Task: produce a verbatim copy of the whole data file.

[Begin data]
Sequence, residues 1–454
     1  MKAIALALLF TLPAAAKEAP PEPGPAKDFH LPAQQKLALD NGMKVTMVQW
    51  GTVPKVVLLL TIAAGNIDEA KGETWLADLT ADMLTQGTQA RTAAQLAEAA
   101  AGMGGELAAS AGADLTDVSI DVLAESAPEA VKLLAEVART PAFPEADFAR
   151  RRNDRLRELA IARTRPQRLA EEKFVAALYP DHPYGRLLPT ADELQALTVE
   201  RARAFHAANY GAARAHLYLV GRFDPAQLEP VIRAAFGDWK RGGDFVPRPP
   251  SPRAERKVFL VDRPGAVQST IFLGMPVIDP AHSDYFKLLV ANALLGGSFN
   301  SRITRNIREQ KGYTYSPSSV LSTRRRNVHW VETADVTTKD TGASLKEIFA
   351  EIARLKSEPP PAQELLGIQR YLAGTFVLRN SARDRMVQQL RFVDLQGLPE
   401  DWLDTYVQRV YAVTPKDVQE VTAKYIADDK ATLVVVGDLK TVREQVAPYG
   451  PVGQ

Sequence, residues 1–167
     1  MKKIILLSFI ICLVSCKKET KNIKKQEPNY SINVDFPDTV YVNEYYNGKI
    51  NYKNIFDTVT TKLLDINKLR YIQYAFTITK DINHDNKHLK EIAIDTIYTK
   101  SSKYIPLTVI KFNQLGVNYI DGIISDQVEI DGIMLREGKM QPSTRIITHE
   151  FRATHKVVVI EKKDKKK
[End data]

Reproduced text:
Sequence, residues 1–454
     1  MKAIALALLF TLPAAAKEAP PEPGPAKDFH LPAQQKLALD NGMKVTMVQW
    51  GTVPKVVLLL TIAAGNIDEA KGETWLADLT ADMLTQGTQA RTAAQLAEAA
   101  AGMGGELAAS AGADLTDVSI DVLAESAPEA VKLLAEVART PAFPEADFAR
   151  RRNDRLRELA IARTRPQRLA EEKFVAALYP DHPYGRLLPT ADELQALTVE
   201  RARAFHAANY GAARAHLYLV GRFDPAQLEP VIRAAFGDWK RGGDFVPRPP
   251  SPRAERKVFL VDRPGAVQST IFLGMPVIDP AHSDYFKLLV ANALLGGSFN
   301  SRITRNIREQ KGYTYSPSSV LSTRRRNVHW VETADVTTKD TGASLKEIFA
   351  EIARLKSEPP PAQELLGIQR YLAGTFVLRN SARDRMVQQL RFVDLQGLPE
   401  DWLDTYVQRV YAVTPKDVQE VTAKYIADDK ATLVVVGDLK TVREQVAPYG
   451  PVGQ

Sequence, residues 1–167
     1  MKKIILLSFI ICLVSCKKET KNIKKQEPNY SINVDFPDTV YVNEYYNGKI
    51  NYKNIFDTVT TKLLDINKLR YIQYAFTITK DINHDNKHLK EIAIDTIYTK
   101  SSKYIPLTVI KFNQLGVNYI DGIISDQVEI DGIMLREGKM QPSTRIITHE
   151  FRATHKVVVI EKKDKKK